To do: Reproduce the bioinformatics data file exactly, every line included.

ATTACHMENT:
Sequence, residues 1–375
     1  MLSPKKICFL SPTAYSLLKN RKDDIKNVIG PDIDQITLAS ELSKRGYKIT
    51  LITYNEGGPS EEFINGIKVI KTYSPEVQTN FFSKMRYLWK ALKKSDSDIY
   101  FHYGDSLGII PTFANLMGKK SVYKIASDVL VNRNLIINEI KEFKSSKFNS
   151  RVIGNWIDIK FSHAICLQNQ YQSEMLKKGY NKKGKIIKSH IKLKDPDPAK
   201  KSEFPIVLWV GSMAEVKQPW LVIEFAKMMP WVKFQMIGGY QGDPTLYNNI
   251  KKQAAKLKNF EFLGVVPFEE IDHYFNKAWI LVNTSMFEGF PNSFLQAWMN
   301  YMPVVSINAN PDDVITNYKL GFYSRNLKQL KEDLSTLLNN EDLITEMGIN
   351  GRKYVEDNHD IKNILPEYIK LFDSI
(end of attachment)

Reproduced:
Sequence, residues 1–375
     1  MLSPKKICFL SPTAYSLLKN RKDDIKNVIG PDIDQITLAS ELSKRGYKIT
    51  LITYNEGGPS EEFINGIKVI KTYSPEVQTN FFSKMRYLWK ALKKSDSDIY
   101  FHYGDSLGII PTFANLMGKK SVYKIASDVL VNRNLIINEI KEFKSSKFNS
   151  RVIGNWIDIK FSHAICLQNQ YQSEMLKKGY NKKGKIIKSH IKLKDPDPAK
   201  KSEFPIVLWV GSMAEVKQPW LVIEFAKMMP WVKFQMIGGY QGDPTLYNNI
   251  KKQAAKLKNF EFLGVVPFEE IDHYFNKAWI LVNTSMFEGF PNSFLQAWMN
   301  YMPVVSINAN PDDVITNYKL GFYSRNLKQL KEDLSTLLNN EDLITEMGIN
   351  GRKYVEDNHD IKNILPEYIK LFDSI